Distinct pathways seem to mediate the characteristic impairments in object recognition (PRH-mPFC) and the high risk of relapse (PL-NAcore) seen in meth use disorder. While the PRH-mPFC neural pathway has been the focus of numerous research studies, the effects of the PRH-NAcore pathway on behaviour are still poorly understood. Dr Reichel suggests that this pathway could be the link between meth-induced memory impairments and relapse.
Reversing memory deficits to reduce the risk of relapse
After identifying meth-induced brain alterations and cognitive impairments that could perpetuate the addiction cycle, Dr Reichel started investigating interventions that could reverse the meth-induced damage in recognition memory and thus potentially help to reduce the risk of relapse.
Dr Reichel’s experiments on male and female rats showed that the long-term consumption of meth led to both sexes failing to recognise novel objects. She observed that this inability to recognise objects was associated with a long-term reduction of activity or depression in the PRH cortex.
Subsequently, Dr Reichel found that modulating mGluR5 (metabotropic Glutamate receptor 5) in the PRH cortex could partially reverse the adverse effects of meth use on the rats’ ability to recognise new objects and a bias towards meth-related stimuli.
By infusing a new positive allosteric mGluR5 modulator, called 1-(4-(2,4-difluorophenyl) piperazin-1-yl)-2-((4-fluorobenzyl)oxy)-ethanone, into the PRH cortex of rats who had repeatedly used methamphetamine for an extended period of time, Dr Reichel and her colleagues were able to restore novelty salience. This essentially means that after these infusions, the rats responded in the same way to new and meth-related stimuli, while they previously responded to the latter with meth-seeking behaviour. These findings suggest that targeting mGluR5 receptors in the PRH cortex could potentially be a promising strategy for reducing the risk of relapse in meth addicts.
In one of her most recent works, Dr Reichel conducted a different experiment to test the hypothesis that meth-induced novel object recognition deficits (associated with depression in the PRH cortex) increase the vulnerability of individuals who are addicted to meth to relapse. Here, she tried to restore the rats’ novel object recognition memory by applying an excitatory Gq-DREADD (a synthesised receptor) on perirhinal neurons. Designer receptors exclusively activated by designer drugs (DREADDs) are essentially artificially created receptors that allow neuroscientists to selectively intervene on neural pathways with high precision in order to investigate the functions and behaviours associated with different brain regions or neuron populations.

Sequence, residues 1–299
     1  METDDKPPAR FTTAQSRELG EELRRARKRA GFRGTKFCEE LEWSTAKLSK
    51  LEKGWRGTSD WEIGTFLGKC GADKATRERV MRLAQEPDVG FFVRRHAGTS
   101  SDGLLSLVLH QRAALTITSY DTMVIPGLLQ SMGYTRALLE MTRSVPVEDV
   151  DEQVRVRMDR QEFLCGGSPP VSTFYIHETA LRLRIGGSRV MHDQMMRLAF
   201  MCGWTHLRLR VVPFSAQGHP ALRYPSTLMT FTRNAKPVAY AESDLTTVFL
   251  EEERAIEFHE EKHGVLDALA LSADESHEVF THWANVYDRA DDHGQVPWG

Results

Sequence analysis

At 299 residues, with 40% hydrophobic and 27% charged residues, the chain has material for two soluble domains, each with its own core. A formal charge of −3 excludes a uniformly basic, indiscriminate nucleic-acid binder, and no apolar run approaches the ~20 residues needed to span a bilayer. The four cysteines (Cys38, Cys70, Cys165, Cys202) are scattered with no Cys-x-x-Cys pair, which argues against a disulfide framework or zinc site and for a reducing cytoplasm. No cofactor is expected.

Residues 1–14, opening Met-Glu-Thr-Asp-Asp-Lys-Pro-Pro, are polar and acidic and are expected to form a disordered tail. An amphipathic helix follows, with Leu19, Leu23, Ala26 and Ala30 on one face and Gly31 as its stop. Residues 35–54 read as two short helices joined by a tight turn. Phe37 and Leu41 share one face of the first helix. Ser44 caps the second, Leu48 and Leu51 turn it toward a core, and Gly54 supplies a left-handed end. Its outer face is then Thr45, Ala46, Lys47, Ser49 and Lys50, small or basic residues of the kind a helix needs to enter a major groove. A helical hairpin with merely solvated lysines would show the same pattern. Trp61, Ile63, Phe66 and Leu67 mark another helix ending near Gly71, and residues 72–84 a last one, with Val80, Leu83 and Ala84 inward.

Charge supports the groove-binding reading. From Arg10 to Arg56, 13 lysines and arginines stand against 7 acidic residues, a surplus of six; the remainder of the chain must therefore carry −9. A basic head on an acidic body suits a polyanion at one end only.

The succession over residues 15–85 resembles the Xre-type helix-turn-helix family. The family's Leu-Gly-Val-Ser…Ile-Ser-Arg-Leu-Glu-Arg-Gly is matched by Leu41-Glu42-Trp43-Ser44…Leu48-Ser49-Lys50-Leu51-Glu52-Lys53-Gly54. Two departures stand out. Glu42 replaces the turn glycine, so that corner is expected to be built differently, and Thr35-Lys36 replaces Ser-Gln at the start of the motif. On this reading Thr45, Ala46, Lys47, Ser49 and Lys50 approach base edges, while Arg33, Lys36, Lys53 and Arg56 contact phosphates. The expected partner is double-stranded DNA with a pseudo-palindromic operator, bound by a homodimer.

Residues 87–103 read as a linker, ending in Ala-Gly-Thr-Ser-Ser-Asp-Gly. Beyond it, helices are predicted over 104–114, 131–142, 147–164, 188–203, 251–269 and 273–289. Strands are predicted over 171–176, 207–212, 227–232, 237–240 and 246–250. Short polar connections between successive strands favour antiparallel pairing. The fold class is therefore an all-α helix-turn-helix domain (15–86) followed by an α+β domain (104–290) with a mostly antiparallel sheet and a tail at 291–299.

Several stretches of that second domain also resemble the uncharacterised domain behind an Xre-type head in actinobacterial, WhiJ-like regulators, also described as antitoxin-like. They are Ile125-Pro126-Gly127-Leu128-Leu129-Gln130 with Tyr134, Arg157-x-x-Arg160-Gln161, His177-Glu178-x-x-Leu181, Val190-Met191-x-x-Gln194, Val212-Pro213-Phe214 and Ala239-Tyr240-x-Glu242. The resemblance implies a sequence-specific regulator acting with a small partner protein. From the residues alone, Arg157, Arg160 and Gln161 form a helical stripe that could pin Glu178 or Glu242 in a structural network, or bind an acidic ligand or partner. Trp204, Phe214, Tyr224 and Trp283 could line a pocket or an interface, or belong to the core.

Dr Reichel started investigating interventions that could reverse the damage to meth users’ recognition memory and thus potentially help to reduce the risk of relapse.
The Gq-DREADD-based intervention carried out by Dr Reichel and her colleagues appeared to confirm their hypothesis. In fact, they found that the use of these synthesised receptors to activate perirhinal neurons reversed meth-induced novel object recognition deficits and restored novelty salience, in a similar way to their previous experiment that targeted mGluR5 receptors.
Moving towards more effective treatments for meth addiction
Dr Reichel’s research offers valuable new insight that could help to devise more effective strategies to treat methamphetamine use disorder. In addition to confirming the adverse effect of long-term and repeated meth use on the PRH-mPFC and PL-NAcore neural pathways, as well as the associated repercussions on individual users’ memory, attention, and impulse control, her work shows that some of these deficits could fuel patterns of addiction and make meth addicts more prone to relapse.
Notably, Dr Reichel found that some memory impairments associated with meth use could be partly overturned using chemogenetic techniques. More specifically, she observed that interventions targeting mGluR5 and GluN2b receptors in the PRH cortex or enhancing signalling of perirhinal neurons could reverse adverse effects on meth addicts’ novel object recognition memory, thus reducing their bias towards meth-related stimuli and increasing their willingness to respond to new stimuli that they do not associate with meth use.
In the future, the findings gathered by Dr Reichel and her colleagues could inform the development of new pharmacological treatments and chemogenetic interventions that could reduce the risk of relapse among individuals who are addicted to meth. By targeting glutamate receptors or neurons in the PRH cortex, these treatments could also help to restore some of the patients’ memory functions, helping them on their path to recovery.